EXTENDED SCHMIDT LAW: ROLE OF EXISTING STARS IN CURRENT STAR FORMATION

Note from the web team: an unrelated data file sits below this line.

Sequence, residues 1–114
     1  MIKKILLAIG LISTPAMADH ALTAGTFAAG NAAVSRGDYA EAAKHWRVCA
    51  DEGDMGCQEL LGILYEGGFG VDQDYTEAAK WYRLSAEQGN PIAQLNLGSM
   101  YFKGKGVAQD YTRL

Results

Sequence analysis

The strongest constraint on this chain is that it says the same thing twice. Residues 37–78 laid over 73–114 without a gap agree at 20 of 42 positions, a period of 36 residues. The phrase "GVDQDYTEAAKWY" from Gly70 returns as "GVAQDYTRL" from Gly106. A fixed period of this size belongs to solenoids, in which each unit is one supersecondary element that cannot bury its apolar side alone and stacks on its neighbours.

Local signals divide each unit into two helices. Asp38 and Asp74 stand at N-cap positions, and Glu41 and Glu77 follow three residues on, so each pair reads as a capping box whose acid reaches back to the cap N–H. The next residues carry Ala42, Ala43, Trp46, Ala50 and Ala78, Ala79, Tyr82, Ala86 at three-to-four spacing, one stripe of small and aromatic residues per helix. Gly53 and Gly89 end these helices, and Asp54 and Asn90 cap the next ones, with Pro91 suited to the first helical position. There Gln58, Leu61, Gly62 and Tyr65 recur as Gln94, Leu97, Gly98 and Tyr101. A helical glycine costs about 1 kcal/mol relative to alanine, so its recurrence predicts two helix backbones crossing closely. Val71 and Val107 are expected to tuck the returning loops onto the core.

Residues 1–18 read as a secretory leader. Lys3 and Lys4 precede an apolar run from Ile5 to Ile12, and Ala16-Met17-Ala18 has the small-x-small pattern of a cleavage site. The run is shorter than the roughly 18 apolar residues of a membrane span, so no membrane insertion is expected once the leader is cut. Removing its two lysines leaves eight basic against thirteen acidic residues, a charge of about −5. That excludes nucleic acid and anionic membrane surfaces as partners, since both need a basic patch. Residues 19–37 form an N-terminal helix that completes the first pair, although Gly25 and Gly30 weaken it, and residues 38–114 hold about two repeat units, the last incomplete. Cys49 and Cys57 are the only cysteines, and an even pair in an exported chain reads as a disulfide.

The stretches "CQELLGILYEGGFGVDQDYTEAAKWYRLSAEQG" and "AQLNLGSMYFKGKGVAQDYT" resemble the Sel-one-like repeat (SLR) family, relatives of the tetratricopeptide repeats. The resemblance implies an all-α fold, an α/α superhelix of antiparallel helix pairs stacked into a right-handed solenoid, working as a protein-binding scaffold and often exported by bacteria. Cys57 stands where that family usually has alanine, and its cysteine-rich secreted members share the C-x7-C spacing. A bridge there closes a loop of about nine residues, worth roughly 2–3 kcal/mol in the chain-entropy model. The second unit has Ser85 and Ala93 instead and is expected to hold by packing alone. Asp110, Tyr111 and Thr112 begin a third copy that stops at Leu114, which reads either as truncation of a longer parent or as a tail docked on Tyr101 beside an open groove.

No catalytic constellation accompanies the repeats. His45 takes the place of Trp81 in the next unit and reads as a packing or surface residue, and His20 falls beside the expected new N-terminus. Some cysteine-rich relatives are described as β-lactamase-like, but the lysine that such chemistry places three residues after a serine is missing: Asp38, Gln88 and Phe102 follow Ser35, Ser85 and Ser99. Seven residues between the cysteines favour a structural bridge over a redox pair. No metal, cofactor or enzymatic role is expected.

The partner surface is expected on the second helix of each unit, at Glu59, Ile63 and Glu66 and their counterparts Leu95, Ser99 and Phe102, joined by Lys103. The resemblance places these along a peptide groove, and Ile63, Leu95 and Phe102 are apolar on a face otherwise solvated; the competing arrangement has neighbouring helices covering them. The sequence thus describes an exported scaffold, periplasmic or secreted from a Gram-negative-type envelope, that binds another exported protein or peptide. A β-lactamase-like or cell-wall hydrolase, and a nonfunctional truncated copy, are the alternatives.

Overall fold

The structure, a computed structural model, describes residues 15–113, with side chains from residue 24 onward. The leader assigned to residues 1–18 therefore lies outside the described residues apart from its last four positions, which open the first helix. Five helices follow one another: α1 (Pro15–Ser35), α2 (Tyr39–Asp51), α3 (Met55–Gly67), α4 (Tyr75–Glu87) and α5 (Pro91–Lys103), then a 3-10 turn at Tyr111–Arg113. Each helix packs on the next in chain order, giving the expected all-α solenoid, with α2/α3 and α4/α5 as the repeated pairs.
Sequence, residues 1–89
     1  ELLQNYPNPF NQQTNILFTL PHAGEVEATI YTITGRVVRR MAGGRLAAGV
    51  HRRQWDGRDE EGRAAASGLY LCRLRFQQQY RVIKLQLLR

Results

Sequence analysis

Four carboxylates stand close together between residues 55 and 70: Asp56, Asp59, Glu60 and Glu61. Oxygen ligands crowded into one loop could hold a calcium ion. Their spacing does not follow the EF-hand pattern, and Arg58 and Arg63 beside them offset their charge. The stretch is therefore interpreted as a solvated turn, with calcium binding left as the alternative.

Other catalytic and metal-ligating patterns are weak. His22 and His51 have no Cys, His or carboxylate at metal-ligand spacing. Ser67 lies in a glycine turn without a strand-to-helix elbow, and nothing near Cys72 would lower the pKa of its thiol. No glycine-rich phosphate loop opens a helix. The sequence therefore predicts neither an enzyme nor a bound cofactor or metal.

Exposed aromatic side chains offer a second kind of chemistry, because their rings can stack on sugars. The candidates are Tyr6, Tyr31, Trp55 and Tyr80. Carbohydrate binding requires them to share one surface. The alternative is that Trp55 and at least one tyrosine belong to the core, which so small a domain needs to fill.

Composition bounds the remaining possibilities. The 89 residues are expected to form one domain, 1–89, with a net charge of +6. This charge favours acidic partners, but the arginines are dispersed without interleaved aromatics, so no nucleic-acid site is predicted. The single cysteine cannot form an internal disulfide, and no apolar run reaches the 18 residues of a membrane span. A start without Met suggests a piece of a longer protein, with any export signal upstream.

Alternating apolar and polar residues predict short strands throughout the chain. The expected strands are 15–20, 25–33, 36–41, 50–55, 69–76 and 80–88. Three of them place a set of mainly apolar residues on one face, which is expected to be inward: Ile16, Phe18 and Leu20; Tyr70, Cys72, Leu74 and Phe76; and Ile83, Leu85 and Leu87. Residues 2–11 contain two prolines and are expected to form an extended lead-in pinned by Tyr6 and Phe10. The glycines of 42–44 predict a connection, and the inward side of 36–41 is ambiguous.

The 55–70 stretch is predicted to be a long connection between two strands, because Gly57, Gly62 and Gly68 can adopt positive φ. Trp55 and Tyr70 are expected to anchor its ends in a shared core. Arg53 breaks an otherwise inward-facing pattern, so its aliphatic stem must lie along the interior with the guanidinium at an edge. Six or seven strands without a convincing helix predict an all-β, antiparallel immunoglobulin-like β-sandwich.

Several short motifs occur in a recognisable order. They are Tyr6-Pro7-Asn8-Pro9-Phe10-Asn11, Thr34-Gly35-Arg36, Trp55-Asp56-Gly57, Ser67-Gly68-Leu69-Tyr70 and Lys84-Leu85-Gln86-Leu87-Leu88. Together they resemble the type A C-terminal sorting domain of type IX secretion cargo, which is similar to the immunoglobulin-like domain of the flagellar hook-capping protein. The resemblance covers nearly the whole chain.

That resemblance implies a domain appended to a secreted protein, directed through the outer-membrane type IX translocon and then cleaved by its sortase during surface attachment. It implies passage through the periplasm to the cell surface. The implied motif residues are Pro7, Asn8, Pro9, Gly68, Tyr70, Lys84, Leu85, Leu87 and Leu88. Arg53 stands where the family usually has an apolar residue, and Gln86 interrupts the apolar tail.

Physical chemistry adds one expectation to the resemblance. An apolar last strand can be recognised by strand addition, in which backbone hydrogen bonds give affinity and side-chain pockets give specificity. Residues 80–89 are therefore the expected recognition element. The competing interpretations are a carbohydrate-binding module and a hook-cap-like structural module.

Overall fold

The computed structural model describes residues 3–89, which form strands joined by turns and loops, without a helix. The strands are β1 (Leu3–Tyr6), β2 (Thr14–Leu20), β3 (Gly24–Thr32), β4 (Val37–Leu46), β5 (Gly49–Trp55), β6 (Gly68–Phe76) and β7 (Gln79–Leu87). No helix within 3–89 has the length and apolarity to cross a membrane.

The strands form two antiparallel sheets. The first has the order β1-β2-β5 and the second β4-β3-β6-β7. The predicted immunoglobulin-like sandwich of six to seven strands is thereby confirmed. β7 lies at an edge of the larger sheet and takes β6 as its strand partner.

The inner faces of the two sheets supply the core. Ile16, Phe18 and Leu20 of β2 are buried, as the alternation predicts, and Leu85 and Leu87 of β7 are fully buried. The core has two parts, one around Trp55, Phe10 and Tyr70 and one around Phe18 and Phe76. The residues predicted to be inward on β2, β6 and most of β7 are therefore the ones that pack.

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We propose an "extended Schmidt law" with explicit dependence of the star formation efficiency (SFE = SFR/M gas) on the stellar mass surface density (star). This relation has a power-law index of 0.48 0.04 and a 1 observed scatter on the SFE of 0.4 dex, which holds over five orders of magnitude in the stellar density for individual global galaxies, including various types and especially the low-surface- brightness (LSB) galaxies that deviate significantly from the Kennicutt-Schmidt (KS) law. When applying it to regions of a sample of 12 spiral galaxies at sub-kiloparsec resolution, the extended Schmidt law not only holds for LSB regions but also shows significantly smaller scatters both within and across galaxies compared with the KS law. We argue that this new relation points to the role of existing stars in regulating the SFE, thus better encoding the star formation physics. Comparison with physical models of star formation recipes shows that the extended Schmidt law can be reproduced by some models including gas free fall in a stellar-gravitational potential and pressure-supported star formation. By implementing this new law into the analytic model of gas accretion in CDM, we show that it can reproduce the observed main sequence of star-forming galaxies (a relation between the SFR and stellar mass) from z = 0 up to z = 2. 2011. The American Astronomical Society. All rights reserved.